Tokyo Daytripper: A Temple Built On The Side Of A Mountain

Back on New Years Day I happened to catch the news on Japanese TV which was showing the different ways people mark the occasion. One of the places that featured was a temple in a cliff where some people had congregated to watch the first sunrise of the year. I was impressed by it’s beauty and immediately asked my wife where it was as I couldn’t read all of the kanji on screen.

Expecting the answer to be some far flung place, I was quite surprised to discover that it was in one of Tokyo’s bordering prefectures. Last Summer I went to a similar-looking place in Iwate prefecture called Hiraizumi which is 450 kilometres north of Japan’s capital. Little did I know that there was such a place much closer to home that could be done in a day trip. Mind you, it’s still quite a long day as the location is way down in the southern depths of Chiba prefecture.

Tateyama city faces the Pacific Ocean at the far southern tip of the Bōsō Peninsula. Daifuku-ji is the name of this temple in the cliff and at the start of March I decided to go and see it. The quickest way to access it from Tokyo is probably to take the Tokyo Bay Aqua Line from Kawasaki to Kisarazu and then jump on the train to complete the journey south on the Uchibō Line. However, that’s also the most expensive way so I took the longer, slower route down the coast on local trains via Kisarazu, Chiba and Akihabara stations.

Nakofunakata Station is actually the closest station and the temple is just under 20 minutes on foot from there. It’s a flat walk too and after a short amount of time I could see in the distance what I presumed to be Mount Funakata which was the place I was looking for. I couldn’t see the temple but eventually as I turned a corner it came into view.


Sheer cliffs surrounded by green trees with a red kannon hall plonked right in the middle of it was the view as I looked up from my street level view. I didn’t hang about and immediately ascended the steps leading to a small platform on top. The ceiling of the hall was pretty impressive as were the exterior wood-carvings. 


Daifuku-ji Temple (also known as Gake Kannon) was built by locals over 1300 years ago who wanted to pray for the fisherman to be safe and get a good catch. Multiple fires and landslides have meant that it’s been rebuilt several times with the current incarnation nearly 100 years old.

It was a little cloudy when I was there so the views of Tateyama Bay and out towards Izu O-shima couldn’t be appreciated to their full extent but they were still pretty fine. It has to be said though that the cemetery beneath the temple does spoil the views of the area a bit.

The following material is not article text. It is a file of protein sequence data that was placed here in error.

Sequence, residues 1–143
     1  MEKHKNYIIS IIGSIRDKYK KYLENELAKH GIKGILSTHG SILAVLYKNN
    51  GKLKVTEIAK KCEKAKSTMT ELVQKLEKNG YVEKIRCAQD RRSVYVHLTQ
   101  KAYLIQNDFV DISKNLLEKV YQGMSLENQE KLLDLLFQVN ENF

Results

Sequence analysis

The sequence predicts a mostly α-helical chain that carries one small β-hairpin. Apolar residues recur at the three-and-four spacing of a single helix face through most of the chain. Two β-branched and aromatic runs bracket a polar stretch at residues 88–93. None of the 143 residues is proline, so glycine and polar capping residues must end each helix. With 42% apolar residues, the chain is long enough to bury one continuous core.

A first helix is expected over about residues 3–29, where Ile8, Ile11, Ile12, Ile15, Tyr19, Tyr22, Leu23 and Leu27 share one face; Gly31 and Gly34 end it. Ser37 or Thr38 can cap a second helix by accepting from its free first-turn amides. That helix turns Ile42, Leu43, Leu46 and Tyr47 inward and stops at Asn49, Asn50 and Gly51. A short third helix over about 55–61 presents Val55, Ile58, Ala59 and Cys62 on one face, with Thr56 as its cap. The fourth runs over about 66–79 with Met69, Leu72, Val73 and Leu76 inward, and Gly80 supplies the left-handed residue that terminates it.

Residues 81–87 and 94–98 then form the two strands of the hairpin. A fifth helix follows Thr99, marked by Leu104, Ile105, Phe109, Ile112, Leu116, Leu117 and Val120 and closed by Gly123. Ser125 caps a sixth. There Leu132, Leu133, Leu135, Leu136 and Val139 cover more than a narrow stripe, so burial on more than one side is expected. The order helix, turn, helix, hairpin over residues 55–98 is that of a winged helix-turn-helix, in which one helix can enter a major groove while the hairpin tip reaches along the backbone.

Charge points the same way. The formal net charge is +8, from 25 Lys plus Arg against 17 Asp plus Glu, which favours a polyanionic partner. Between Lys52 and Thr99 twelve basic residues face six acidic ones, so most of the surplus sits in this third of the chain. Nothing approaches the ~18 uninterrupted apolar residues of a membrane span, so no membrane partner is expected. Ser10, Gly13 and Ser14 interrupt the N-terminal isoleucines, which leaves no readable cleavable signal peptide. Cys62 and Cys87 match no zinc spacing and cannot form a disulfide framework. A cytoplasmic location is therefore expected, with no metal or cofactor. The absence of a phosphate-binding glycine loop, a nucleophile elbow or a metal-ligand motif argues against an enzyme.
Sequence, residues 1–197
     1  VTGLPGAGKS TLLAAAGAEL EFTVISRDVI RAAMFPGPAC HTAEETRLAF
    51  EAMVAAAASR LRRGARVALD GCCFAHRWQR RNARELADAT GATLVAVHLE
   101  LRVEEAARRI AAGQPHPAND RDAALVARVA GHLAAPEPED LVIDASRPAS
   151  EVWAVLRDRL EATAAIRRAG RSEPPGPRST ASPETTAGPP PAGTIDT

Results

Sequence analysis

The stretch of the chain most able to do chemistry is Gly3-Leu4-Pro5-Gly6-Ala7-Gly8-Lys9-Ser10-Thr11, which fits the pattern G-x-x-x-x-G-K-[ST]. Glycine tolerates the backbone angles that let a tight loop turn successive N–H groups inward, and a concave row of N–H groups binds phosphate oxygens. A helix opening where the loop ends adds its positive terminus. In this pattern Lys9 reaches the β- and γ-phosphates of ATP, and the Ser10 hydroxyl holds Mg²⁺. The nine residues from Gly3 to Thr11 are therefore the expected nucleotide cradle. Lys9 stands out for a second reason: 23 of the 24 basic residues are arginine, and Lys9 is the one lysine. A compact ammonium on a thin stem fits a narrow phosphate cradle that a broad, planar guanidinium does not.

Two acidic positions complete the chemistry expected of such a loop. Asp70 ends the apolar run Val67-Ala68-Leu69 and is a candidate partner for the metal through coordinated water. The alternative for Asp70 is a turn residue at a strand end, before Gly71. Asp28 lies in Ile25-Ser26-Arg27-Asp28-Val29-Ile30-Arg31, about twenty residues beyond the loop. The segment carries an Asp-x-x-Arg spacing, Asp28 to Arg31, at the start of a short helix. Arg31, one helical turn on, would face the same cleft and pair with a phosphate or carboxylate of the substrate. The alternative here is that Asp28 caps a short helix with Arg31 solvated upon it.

Trains aren’t so regular in these parts so I couldn’t hang around too long as I wanted to be on that next train out of there to venture a little further north to my next spot. As it was, twenty minutes or so was more than enough time to see all that this temple had to offer. If truth be told, much of that time was probably spent trying to take a half-decent selfie from the cemetery!


Daifuku-ji Temple (Gake Kannon) is located at 835 Funakata, Tateyama-Shi, Chiba. It is open from 8am till 5pm everyday. Entry is free.

Click here to read ‘Go To Paradise (& Hell) At This Weird Temple Deep In Chiba Prefecture’

Click here to read ‘Tokyo Daytripper: A 56 Metre Statue & A Private Parts Temple In Chiba’

Click here to read ‘Tokyo Daytripper: The Floating Service Station In The Middle Of Tokyo Bay’

Click here to read ‘The Sighting Of This Mysterious Hotel Is Very Much For Real’

Click here to read ‘On The C*cks Trail……In Chiba!!’

Click here to read ‘Tokyo Daytripper: Chiba-jo Castle’

About tokyofox

A Leicester City fan teaching English in Japan
This entry was posted in Japan Travel, Quirky Japan, Tokyo Daytripper: and tagged , , , , , , , , . Bookmark the permalink.

5 Responses to Tokyo Daytripper: A Temple Built On The Side Of A Mountain

  1. Pingback: Tokyo Daytripper: A Uniquely Designed Observation Platform & WWII Ruins | Tokyo Fox (東京狐)

  2. Paris says:

    Awesome! Nice blog you have here!
    I have googled a few times “Tokyo day trips” and never seen anyone mention this place 🙂 I always love finding out about new places since everyone mentions the same few over and over.

    Keep up the solid work!! Its so cool your blog is still active from so long ago whenever I stumble upon Japanese travel blogs it seems like they eventually stop writing, Its also cool to see a fellow Australian doing these things! Im just learning Japanese now 🙂

    Have a good day! Thanks for the good reads!

    • tokyofox says:

      Thanks very much Paris for making the effort to write your wonderful comment. Much appreciated. I’m actually British by the way (don’t hold it against me!) but there are a fair few Aussies in my family

  3. Kaiju Eiga says:

    Since I read the Tokyo Fox Global Operations Center site, it has become a reference for me to find unusual places far from the hordes of tourists, so thank you very much for sharing your wonderful discoveries with us!

    I had already spotted this temple thanks to another site, but I have not visited it yet. It seems that you missed a funny detail that however you took a picture (img_7339.jpg) at the top left of the kanji, a penis with a vagina carved into the rock. You can see a better angle of your photo here:×683.jpg

    Thank you for everything Fox, I will continue to explore your old posts which must reserve some nice surprises I’m sure!

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